If you don’t have a blog already, it’s really simple to add one. Check out WordPress as a free blogging solution that can easily be added to your current website.
Every business has a story behind them. How were you created? What are you great at? What makes you different than anyone else?
It’s important to make sure you tell this story and no page is better than your “About” page. Make it easy for consumers to learn more about who you are and what makes you tick. It will make them feel more invested in you and more connected.
Also, creating a clear “About” page ensures consumers know exactly what you’re selling and what services you offer. You never know who might become paying a customer, if only they knew that you offer the service they need.
These fix is a technical one. When you create a webpage you’re given the option of adding code that defines some “meta” information. This information includes the title, description, and important keywords for the page.
The title or title tag is an extremely important “meta” tag. Google uses the title tag to determine what the page is about. In regards to your website homepage, it will use the title tag to really learn what your business is about.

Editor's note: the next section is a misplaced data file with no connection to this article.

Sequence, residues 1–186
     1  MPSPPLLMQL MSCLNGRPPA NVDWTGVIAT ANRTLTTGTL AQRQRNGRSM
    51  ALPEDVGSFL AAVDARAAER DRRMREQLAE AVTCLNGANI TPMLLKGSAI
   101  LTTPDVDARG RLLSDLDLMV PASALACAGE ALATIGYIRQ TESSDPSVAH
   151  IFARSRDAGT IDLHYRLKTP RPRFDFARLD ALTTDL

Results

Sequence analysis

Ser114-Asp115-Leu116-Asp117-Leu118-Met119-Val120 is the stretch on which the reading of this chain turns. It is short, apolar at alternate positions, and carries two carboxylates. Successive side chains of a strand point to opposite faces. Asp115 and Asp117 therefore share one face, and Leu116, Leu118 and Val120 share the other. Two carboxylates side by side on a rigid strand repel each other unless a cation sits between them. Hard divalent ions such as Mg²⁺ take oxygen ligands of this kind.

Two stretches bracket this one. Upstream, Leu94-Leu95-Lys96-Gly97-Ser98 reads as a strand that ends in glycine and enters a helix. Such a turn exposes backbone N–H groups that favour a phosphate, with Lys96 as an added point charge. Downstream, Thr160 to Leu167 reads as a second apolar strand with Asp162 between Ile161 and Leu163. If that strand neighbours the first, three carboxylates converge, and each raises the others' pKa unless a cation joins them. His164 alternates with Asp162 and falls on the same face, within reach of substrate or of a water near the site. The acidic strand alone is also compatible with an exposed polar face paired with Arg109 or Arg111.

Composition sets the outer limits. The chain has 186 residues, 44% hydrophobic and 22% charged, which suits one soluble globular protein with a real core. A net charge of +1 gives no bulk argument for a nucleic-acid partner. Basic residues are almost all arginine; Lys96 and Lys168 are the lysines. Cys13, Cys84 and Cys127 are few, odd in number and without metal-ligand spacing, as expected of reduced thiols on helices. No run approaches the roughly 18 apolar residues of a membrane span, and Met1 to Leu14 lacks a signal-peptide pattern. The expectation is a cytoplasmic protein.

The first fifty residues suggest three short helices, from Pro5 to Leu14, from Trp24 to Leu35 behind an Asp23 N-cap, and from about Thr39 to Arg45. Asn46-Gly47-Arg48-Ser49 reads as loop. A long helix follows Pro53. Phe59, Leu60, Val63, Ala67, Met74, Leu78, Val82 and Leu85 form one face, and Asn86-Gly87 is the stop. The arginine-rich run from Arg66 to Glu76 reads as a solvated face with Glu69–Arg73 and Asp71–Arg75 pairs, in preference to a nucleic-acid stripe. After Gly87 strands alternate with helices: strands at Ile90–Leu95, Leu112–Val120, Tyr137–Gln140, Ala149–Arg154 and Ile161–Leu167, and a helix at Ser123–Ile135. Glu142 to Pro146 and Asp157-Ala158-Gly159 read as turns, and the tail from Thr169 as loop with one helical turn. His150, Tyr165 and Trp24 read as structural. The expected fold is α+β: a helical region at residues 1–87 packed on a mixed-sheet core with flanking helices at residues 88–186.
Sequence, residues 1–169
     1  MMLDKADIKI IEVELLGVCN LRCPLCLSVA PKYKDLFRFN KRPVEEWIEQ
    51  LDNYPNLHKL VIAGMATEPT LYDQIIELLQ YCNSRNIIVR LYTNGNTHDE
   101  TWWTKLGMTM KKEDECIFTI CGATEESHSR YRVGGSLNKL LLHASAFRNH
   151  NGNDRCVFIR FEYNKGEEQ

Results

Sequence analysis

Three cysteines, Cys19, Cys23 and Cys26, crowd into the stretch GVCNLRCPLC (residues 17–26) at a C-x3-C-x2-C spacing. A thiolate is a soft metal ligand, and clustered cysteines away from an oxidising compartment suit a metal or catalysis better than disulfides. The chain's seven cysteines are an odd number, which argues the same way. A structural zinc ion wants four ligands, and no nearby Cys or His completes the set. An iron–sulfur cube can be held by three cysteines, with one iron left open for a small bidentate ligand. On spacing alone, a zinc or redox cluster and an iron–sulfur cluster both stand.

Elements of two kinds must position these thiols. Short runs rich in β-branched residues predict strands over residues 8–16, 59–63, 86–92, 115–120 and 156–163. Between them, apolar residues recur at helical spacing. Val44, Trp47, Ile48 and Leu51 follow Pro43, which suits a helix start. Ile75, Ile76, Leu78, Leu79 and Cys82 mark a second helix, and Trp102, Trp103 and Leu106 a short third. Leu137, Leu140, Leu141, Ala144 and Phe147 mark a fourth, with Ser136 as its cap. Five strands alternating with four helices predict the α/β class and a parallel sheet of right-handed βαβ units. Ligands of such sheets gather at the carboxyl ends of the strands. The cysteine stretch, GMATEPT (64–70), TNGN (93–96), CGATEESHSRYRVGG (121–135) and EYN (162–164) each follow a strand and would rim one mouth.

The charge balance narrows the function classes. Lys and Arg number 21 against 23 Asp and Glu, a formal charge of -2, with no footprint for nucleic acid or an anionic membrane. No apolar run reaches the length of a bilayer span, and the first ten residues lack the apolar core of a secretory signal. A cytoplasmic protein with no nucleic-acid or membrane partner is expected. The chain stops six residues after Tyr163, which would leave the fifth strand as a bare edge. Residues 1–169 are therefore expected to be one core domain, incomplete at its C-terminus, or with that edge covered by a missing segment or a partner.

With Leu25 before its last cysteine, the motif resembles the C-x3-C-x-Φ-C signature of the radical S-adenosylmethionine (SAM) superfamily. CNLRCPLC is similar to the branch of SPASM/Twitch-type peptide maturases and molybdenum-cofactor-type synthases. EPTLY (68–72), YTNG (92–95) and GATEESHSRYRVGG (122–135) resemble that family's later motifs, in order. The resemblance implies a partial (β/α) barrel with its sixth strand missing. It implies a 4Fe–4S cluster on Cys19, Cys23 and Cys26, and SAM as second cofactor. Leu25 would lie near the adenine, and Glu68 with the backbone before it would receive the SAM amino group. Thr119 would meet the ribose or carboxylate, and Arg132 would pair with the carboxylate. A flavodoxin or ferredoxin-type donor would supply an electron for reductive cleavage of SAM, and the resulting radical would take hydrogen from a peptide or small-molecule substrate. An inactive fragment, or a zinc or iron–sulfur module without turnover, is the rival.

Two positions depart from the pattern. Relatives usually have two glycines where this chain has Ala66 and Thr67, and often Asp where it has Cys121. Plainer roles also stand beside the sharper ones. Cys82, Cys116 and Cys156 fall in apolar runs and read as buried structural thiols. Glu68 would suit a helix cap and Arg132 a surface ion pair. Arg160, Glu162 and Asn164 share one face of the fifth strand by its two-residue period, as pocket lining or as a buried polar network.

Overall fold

The tag is also displayed in Google’s search results and also as the headline when people share your content on Facebook or on Twitter. It’s important to make sure you clearly define the title tag and that each page has a unique title.
Make it easy for people to know exactly what they’ll find on your page by looking at the title. This will ensure people actually click on the link and read your content. Without a title, the link and headline may have nothing to do with the content actually on the page.
Sometimes business owners enter a mindset where they believe that similar to their stores, their websites should guide consumers through an experience. The truth is that online consumers just want to get to the information or products they need as quickly as possible.
The flash intro is one of the least effective ways to ingrain users into your brand experience. It can be intrusive and generally annoying. The flash intro and splash video is concerned to be an outdated web tactic.
Aside from turning off consumers, the flash intro and overall use of flash can hurt your rankings in search engines.
Flash is cheaper to use when building websites, which is why many developers turn to it. However, a well-built WordPress site will be more visible in search engines and reach more consumers. Don’t take the shortcut, build a website and plan for continue growth.
When reviewing the effectiveness of your website, the single most important thing to keep in mind is – how are people finding the information they need and do we answer all their questions. Do you have the content people want to read? Are you making it easy for them to find you online?
Small business websites come in many different forms and shapes. None-the-less they all perform the same function – increase the brand reach and impact the business’ bottom line.
What fixes have you found to make the largest impacts? What have you changed that you were happiest about? Let us know what you did! Leave a comment and share your thoughts.